It is really that easy to use these straps. There’s not really too much that you need to worry about. If the strap is too long and all of the loops hang too low Then wrap your strap around an extra time before feeding it through the loop.

DIY

There was a time when I had lost a set of hammock straps and did not want to buy a new one because they were expensive. I had some tubular nylon webbing that people use to make rock climbing anchors with just sitting around. I figured I could use some of this webbing to make my own hammock straps. It was really easy.

What I did was cut a long strip of the tubular webbing and tied it into a loop that was about 3 feet long. That was all I did. Now all I have to do with this loop of webbing is go to a tree wrap it around, and tuck one end inside of the other. Now I can just attach a carabiner to the loop that is inside the other, and attach this same carabiner to my hammock.

If you are doing this ( or any DIY solution) then you’re doing so at your own risk. I highly recommend using hammock straps unless you know what you are doing and know that the material that you are using is designed to hold human weight.

Strap Safety

It’s always important to take safety into account when you’re setting up your hammock straps. This is important no matter what type of hammock straps you choose to use. Safety is especially important with DIY solutions.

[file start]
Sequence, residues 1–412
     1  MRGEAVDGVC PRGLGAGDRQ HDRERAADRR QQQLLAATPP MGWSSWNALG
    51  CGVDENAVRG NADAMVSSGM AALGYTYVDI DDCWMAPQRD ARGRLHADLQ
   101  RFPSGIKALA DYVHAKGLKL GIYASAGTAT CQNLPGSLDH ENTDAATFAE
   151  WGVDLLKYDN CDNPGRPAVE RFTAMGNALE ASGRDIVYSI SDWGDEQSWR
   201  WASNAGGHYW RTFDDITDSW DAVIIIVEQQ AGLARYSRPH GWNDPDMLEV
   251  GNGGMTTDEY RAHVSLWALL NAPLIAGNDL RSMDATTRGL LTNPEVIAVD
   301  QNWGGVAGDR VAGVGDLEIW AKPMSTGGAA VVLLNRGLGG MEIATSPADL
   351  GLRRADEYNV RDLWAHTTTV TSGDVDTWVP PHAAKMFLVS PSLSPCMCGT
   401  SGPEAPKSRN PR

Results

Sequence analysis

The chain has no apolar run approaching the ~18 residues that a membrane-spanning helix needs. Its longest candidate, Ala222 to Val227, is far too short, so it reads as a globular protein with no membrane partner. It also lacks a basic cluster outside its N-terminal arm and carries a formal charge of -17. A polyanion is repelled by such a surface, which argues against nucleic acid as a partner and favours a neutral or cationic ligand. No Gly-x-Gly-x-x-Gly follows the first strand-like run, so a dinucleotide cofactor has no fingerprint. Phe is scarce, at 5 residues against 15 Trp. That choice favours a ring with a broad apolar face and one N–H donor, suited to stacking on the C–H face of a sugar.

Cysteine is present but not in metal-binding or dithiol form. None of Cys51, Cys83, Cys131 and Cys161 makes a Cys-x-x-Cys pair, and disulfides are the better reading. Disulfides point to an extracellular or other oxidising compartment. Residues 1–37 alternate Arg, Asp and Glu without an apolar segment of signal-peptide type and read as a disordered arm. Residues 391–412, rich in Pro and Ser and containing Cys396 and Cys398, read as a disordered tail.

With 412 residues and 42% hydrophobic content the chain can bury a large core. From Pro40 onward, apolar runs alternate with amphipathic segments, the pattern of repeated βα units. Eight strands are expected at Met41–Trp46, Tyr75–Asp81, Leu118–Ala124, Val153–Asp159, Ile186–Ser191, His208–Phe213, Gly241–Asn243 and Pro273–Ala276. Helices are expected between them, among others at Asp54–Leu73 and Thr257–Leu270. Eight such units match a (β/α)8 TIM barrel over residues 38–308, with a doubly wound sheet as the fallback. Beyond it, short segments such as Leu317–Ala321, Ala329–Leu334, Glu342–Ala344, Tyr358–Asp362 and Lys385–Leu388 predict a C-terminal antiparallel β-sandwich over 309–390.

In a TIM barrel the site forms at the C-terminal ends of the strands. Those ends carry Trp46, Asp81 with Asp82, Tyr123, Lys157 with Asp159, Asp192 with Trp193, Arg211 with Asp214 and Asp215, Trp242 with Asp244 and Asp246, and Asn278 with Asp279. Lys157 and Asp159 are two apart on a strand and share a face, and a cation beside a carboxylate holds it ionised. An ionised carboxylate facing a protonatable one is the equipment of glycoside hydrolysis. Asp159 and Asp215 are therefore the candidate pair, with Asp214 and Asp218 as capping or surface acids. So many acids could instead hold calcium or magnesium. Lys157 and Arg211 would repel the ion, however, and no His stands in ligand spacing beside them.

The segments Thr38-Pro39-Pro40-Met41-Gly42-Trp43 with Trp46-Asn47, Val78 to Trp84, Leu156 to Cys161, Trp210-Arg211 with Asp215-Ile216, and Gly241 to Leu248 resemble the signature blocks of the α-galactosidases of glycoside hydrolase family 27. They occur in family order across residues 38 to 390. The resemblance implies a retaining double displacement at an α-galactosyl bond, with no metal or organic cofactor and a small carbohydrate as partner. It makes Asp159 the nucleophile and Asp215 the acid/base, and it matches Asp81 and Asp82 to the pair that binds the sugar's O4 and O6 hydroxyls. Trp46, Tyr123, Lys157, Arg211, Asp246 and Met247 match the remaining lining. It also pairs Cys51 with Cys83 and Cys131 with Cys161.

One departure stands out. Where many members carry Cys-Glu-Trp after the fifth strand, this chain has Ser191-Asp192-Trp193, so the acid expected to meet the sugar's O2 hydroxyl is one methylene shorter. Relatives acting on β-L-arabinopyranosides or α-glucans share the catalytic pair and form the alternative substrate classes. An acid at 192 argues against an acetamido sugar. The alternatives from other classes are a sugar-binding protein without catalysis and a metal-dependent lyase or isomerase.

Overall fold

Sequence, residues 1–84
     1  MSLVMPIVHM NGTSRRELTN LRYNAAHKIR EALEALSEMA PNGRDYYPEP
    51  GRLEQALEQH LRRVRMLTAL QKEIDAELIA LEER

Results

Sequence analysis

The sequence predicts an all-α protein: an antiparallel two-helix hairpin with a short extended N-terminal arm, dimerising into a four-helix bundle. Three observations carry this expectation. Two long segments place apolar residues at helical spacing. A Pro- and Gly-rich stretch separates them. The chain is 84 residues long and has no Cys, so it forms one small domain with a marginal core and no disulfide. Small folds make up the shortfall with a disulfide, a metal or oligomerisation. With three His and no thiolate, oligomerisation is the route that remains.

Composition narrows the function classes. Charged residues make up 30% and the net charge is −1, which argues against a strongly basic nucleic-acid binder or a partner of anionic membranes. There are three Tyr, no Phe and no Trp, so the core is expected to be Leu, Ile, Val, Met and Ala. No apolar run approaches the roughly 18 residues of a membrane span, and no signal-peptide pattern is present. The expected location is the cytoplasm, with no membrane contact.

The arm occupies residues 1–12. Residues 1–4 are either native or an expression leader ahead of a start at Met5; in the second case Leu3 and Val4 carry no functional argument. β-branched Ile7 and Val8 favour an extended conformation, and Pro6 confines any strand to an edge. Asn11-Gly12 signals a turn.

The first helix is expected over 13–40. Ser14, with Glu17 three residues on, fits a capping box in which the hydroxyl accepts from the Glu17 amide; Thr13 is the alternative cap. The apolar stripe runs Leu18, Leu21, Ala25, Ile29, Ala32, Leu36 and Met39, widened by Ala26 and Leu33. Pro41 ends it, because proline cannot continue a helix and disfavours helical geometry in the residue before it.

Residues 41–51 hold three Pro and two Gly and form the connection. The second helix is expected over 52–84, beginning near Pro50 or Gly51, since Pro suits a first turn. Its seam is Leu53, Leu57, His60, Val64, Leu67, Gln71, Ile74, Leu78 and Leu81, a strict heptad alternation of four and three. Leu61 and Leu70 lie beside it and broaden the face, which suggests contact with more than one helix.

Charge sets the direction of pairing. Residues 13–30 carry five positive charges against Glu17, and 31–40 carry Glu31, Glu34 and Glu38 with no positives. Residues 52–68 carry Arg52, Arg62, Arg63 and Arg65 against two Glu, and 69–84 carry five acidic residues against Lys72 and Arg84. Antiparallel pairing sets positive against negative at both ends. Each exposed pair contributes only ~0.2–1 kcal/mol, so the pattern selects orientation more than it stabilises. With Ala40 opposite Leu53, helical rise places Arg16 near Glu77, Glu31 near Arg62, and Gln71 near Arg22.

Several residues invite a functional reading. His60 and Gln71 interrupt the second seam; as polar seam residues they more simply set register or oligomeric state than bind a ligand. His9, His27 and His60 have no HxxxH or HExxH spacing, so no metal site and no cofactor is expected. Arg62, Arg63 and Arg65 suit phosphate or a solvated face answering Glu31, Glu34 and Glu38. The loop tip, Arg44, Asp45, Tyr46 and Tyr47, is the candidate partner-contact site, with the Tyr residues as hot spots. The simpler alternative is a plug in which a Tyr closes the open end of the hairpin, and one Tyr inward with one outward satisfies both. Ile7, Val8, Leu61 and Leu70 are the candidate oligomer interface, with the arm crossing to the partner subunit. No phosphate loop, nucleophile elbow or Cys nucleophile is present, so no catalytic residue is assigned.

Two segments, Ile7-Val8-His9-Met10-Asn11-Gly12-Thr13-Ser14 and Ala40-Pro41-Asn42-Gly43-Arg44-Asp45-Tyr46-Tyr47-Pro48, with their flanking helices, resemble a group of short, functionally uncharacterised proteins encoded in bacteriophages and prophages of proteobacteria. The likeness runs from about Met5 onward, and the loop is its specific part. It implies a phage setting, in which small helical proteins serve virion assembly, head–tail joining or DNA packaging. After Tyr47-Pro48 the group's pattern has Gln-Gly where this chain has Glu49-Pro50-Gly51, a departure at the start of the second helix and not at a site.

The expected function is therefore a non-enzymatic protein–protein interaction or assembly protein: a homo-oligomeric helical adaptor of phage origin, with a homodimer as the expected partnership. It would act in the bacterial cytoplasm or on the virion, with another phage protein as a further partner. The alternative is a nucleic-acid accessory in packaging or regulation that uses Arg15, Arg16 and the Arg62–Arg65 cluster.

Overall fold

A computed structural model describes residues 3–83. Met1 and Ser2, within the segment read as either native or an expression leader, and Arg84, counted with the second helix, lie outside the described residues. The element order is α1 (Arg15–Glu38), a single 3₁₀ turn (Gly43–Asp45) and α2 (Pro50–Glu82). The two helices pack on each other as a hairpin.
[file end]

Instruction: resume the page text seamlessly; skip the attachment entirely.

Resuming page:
Remember to always inspect your setup before you get into it to ensure that you’ve done what you’ve intended to do properly. Also, always make sure that you slowly transition your weight on to the hammock and you should sit down in it before you lay down.

You should also make sure that you know what condition your straps are in at all times. The easiest way to do this is to inspect it after every use. When it comes to hammock straps the most important thing to inspect is the stitching that holds the loops shut.

Most hammock straps are triple stitched or better but if you see a line of stitching come completely off then replace your straps immediately.

Nowadays hammock straps are not overly expensive which makes it is easier to replace gear that has been worn down. Please consider this if you feel like your gear has been worn down to a point where is no longer safe to use.  You can also check out other cool pieces of gear for hammock camping before your next adventure.

Conclusion

Overall Hammock straps are really easy to use. In my post, I hope you were able to find a method that will work with your straps so that you can go out and relax! If you weren’t able to find a way that works for you then please let me know in the comments below.

If You have straps that don’t fit into one of the categories above then I would be really interested in seeing them. Happy hammocking!